The arrival of Coronavirus brought with it an endless bombardment of harrowing and compelling news stories, and for many of us, ‘doomscrolling’ became one of the key daily rituals of life in lockdown. If you tend to spend a lot of time online, making space for other activities can help you to take a much needed break from the news or social media. Switching off notifications or leaving your phone in another room for a few hours can also be a good way of reducing your daily screen time. Using electronic devices close to bedtime is known to affect sleep quality; another good reason to stay offline for the last few hours of the day, as getting enough sleep is essential for maintaining our mental and emotional health.
6. Talk About Your Feelings
Christmas can be a very sad and difficult time for many people, especially for anyone grieving a loss due to illness or bereavement, relationship breakdown or a change in personal circumstances. If you find yourself feeling especially low or anxious over the holiday period, try to speak to someone about it. Whether it’s a partner, friend or family member, give yourself permission to talk about the way you are feeling. If you find it difficult to open up to the people you know, there are organisations of support that will be there to listen and help throughout the Christmas and New Year period (see details at the end of this article).
7. All Things in Moderation
The festive season is notoriously a time of overindulgence. Too much of a good thing can very soon leave us feeling bloated and uncomfortable which can have a noticeably lowering effect on our mood. If you are someone who normally enjoys a festive tipple or two, try to be especially mindful about the amount you drink over the holiday period – and your reasons for doing so. Many people turn to drink or drugs to self-medicate when they are feeling low or anxious, however, when left unchecked, this is a habit that can easily start to spiral out of control. Drinkaware UK is a useful source of information and support which includes a free downloadable goal-setting app to help track, calculate and moderate your alcohol intake.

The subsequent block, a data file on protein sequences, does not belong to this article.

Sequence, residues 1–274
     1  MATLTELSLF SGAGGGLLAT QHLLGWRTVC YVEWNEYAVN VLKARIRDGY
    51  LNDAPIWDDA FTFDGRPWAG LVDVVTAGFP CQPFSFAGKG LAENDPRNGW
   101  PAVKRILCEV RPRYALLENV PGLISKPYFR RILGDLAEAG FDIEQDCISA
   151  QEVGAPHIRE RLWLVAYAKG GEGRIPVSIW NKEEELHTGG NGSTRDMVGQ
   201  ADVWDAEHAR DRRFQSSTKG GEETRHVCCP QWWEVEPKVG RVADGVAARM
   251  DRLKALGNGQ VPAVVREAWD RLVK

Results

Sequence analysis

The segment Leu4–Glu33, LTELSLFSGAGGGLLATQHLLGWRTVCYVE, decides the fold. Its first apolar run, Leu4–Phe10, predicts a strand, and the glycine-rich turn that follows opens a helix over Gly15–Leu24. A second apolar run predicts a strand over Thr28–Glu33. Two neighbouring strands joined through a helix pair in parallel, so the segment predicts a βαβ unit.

8. Have a Safety Plan
Should you find yourself in a state of mental or emotional crisis over the holiday season, it’s going to be important to know what to do and where to turn to for support. This might be about having a safe space of peace to remove yourself to for a while, or it could simply be a matter of having access to the contact details of relevant people or organisations of support. Just knowing that you have a safe place to turn to, if and when needed, can go a long way in helping you to prepare for some of the more challenging moments that may lie ahead this festive season.
Organisations of Support
CALM‘s helpline and webchat is open every day from 5pm to midnight, including Christmas Day. Chats are confidential, free and anonymous, and nothing is too big or too small to chat about.
Samaritans provide free, confidential round-the-clock support on 116 123. They also have local branches in many areas where you can drop in to speak to someone face-to-face.
SHOUT is a free 24/7 text service available to anyone in the UK. If you find yourself struggling to cope and need immediate support, you can text ‘SHOUT’ to 85258 and speak in confidence with a trained volunteer.